But no, they (and in truth we) have been distracted by Jerry Jones and his raging-bear-in-a-a-vat-of-baby-oil coup attempt, because taking sides between Jones and Goodell is a nauseating Hobson’s choice that makes the NFL v. Ezekiel Elliott look like a children’s bedtime story.

The NFL has given is a cavalcade of issues in which there is nobody to root for and a panoply of characters to root against. While that anti-hero plot dodge may have worked for The Sopranos, the Sopranos ended more than a decade ago, and the culture and the nation is lurching violently toward something else – something that may or may not include football.

That’s what Goodell’s job actually should be -- figuring out the future -- and then it will be the job of his successor. But until the job is redefined to understand that, this is just a juicier-than-normal story of unchained deck chairs and political backstabbing, of which we already have plenty more than we can eat.

One useful takeaway from this seeming madhouse of a weekend in NCAA Tournament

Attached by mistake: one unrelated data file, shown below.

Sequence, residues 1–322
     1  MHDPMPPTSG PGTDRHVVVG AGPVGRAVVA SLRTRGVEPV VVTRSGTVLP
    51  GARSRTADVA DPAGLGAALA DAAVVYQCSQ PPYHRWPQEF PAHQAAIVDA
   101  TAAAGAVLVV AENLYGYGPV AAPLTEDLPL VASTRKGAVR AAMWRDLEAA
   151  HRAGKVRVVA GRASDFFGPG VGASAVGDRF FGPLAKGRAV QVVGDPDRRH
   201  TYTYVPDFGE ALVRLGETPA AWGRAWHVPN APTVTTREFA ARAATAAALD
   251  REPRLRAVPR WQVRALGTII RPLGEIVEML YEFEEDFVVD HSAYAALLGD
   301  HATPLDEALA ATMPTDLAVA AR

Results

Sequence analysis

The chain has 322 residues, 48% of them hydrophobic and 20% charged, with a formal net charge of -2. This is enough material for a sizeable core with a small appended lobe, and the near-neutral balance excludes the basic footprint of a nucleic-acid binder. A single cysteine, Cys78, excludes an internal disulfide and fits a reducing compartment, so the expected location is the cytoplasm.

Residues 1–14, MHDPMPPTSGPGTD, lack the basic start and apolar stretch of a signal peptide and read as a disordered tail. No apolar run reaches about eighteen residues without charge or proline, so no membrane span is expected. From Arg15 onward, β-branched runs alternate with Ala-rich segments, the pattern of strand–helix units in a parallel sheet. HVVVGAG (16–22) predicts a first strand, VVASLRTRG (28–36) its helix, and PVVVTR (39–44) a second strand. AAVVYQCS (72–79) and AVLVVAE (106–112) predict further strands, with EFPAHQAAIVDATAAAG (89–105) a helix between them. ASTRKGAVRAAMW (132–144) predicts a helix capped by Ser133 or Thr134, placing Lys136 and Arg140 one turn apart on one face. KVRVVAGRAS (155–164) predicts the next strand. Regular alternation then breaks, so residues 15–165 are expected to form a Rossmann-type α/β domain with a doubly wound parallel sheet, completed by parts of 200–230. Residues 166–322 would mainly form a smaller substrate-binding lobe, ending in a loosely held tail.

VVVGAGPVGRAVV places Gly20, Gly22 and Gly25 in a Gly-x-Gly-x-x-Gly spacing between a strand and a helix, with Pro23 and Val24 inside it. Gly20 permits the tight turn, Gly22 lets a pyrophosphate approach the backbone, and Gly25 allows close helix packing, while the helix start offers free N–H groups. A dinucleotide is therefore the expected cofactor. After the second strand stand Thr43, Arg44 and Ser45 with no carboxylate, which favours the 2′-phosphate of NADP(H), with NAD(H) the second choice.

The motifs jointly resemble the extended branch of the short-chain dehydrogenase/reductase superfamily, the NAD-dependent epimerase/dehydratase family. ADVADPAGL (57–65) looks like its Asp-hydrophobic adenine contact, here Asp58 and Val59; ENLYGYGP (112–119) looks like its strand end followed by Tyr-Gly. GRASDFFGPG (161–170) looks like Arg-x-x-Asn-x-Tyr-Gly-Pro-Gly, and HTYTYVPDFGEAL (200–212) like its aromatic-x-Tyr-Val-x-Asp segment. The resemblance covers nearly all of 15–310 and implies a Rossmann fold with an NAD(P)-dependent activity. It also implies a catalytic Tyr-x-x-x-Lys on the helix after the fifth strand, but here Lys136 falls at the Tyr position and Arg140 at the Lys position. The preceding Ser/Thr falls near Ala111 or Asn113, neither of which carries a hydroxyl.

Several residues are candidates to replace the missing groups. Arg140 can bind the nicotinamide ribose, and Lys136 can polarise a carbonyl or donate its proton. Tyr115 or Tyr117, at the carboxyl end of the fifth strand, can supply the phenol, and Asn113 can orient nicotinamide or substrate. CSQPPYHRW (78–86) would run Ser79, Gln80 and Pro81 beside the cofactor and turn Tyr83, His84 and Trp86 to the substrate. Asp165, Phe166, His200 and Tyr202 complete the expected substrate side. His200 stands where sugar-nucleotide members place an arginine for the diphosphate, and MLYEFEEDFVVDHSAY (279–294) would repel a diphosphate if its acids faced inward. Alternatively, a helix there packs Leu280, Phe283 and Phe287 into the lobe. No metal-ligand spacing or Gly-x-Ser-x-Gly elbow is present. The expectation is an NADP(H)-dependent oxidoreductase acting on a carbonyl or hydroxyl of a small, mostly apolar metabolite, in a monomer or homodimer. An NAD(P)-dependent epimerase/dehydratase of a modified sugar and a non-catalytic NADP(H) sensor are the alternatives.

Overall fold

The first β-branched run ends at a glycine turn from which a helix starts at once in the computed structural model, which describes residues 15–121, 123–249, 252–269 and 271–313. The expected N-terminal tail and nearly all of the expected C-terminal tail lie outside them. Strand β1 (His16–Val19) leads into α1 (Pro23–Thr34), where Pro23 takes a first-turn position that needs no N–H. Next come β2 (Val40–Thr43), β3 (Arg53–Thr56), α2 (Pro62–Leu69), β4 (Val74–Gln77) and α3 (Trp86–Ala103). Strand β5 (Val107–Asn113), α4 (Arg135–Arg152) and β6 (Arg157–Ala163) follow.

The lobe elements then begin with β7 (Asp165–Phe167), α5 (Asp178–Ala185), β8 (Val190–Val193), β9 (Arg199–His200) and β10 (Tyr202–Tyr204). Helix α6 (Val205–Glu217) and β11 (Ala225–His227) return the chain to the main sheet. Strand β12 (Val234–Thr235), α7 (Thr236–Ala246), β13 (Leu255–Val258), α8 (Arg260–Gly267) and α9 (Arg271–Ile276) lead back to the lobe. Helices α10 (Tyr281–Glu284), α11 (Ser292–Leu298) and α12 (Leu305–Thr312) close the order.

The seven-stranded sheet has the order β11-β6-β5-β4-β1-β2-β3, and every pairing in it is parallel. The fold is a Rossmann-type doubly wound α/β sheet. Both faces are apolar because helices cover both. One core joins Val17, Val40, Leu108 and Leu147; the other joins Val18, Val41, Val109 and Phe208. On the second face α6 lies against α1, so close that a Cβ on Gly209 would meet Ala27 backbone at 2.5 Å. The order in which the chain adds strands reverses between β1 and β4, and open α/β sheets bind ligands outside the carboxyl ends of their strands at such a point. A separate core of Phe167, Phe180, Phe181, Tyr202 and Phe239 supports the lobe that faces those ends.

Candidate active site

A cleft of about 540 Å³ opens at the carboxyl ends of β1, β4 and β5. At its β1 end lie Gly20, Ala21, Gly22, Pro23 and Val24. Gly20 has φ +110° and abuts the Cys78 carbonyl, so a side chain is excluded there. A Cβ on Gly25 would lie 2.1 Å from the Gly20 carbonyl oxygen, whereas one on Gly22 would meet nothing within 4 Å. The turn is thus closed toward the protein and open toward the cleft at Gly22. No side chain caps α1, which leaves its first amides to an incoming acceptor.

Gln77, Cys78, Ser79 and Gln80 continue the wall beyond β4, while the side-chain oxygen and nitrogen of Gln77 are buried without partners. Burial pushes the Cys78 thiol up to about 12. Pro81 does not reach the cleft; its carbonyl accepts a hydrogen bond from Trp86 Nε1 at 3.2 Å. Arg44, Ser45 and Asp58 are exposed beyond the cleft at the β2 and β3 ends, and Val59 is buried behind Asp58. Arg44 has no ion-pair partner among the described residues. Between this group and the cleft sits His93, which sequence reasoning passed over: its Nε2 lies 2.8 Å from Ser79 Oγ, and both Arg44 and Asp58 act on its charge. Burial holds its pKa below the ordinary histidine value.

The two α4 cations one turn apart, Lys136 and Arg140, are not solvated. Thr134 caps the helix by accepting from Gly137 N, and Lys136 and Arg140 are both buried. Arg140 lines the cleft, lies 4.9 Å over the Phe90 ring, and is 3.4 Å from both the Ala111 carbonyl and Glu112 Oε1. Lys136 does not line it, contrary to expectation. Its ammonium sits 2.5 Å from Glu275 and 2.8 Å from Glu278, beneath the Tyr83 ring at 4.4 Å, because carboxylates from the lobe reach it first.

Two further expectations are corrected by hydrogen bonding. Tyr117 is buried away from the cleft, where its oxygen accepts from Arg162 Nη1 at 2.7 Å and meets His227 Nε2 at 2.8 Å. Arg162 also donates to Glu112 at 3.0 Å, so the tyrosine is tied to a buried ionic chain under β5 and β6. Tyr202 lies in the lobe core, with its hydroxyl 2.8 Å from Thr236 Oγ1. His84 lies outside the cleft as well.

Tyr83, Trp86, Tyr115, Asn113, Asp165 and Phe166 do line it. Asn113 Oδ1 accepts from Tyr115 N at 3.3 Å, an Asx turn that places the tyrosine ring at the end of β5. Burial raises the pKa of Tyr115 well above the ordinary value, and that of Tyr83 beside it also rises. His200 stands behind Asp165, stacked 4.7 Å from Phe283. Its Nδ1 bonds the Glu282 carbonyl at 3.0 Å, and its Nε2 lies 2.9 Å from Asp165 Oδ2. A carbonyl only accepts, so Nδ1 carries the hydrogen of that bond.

One useful takeaway from this seeming madhouse of a weekend in NCAA Tournament

College basketball peaked last week, as it typically does. There were 52 games, many of them hilariously delightful, only a few of them viewing slogs, and the sturdiest pillars of the narrative temple as it relates to the remaining 16 teams are:

* A 98-year-old nun who also functions as an unpaid assistant coach.

* A head coach who curses on air, gets soaking wet after wins and confesses that he worries about peeing himself on the sideline.

* A new version of the old debate about whether your view of Syracuse’s zone defense defines you as a basketball fan.

* Your dead bracket.

The nun, the glorious Sister Jean of Loyola Chicago, is new, and so is Eric Musselman (except in northern California, where he’s had pretty much every available pro job). But Jim Boeheim’s murderous zone defense, which he has employed since the Hoover administration, remains the litmus test about how you like your college basketball served.

Think of it as your AARP ID, if you must. It’s old-fashioned, it isn’t easy to watch, but it works.